Queen of the Underground

You can catch my found footage story “Queen of the Underground” in the just released online zine Archive of the Odd Issue #1. This story is about a sociology student whose research into a local homeless community leads her to a portal to the faery underworld in the Sephora store at the mall, and to clues about her own origins. In other words, my obsession with faeries living in the mall has found an audience at last. You have to pay five bucks for Archive of the Odd Issue #1 online zine, but the entire project is so inventive and cool that I hope you’ll think the paywall is worth the dough.

This story was born during my first Ashland MFA residency when Sarah Monette (pen name Katherine Addison of The Goblin Emperor fame, yes she was my teacher, can you believe it?) gave us a prompt based on the Ursula Le Guin story “The Author of Acacia Seeds and Other Extracts from the Journal of Therolinguistics” where she asked us to begin a narrative comprised of letters between characters.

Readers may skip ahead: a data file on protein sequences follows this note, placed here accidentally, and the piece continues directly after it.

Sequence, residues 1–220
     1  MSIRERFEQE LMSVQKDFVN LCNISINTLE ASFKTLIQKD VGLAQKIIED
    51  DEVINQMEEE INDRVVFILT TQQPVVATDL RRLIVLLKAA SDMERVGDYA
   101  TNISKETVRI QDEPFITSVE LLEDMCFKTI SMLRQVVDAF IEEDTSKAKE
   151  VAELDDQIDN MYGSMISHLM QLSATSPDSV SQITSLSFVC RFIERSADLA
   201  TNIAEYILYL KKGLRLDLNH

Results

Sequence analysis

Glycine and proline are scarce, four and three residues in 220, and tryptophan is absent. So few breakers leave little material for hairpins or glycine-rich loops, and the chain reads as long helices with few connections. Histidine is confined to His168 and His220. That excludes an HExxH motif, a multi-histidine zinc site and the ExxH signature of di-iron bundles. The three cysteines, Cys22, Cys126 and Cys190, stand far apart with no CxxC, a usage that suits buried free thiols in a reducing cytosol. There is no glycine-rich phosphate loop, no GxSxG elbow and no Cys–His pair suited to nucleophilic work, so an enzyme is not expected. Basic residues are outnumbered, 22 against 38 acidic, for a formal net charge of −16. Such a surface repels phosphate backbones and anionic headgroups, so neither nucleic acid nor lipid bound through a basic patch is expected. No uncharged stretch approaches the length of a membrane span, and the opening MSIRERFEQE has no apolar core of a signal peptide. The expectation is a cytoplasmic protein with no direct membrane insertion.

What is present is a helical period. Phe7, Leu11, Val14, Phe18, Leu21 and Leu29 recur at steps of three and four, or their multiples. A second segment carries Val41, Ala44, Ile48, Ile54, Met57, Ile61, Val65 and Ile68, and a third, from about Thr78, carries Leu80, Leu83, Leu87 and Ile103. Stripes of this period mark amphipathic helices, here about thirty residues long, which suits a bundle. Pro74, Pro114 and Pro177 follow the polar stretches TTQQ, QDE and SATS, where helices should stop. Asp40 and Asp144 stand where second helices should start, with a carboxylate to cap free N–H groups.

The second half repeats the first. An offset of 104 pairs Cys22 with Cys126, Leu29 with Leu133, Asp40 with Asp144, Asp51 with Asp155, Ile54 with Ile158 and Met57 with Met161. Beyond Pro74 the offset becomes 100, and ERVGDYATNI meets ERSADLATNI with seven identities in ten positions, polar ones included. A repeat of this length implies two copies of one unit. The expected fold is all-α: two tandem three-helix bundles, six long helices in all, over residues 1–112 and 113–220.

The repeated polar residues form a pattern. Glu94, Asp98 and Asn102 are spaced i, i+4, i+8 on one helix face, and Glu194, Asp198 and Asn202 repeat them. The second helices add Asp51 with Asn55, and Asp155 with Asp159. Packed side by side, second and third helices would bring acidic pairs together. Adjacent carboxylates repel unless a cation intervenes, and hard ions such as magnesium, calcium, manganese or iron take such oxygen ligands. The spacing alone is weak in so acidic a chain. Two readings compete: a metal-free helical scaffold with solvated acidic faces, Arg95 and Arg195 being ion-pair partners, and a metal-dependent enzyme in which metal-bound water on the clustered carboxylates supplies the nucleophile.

(As a side note, Sarah was a fantastic teacher who introduced us to powerfully unusual readings and gave us moments of silence to comprise our thoughts in seminar discussions. After one week of being her student, I changed my own teaching practice to allow for quiet contemplation and it’s been a revelation in the classroom.)

A few semesters later, I developed Sarah’s story starter into a full-blown found footage extravaganza including a Teen Vogue article, a Next Door posting, a Reddit thread, text messages, a desperate paragraph written on a piece of crumpled binder paper, an academic abstract, a postcard, and more. My teacher Lauren Markham, author of The Far Away Brothers, gave me feedback that was extremely helpful and now here we are.

I am really grateful to my Ashland MFA professors for this one. Nobody in my program ever once told me that a found footage story concerning faeries living in a suburban mall and stealing babies wasn’t a viable option. They always met my imagination with respect and grace. I hope in my own teaching I can encourage my students to be so wild.

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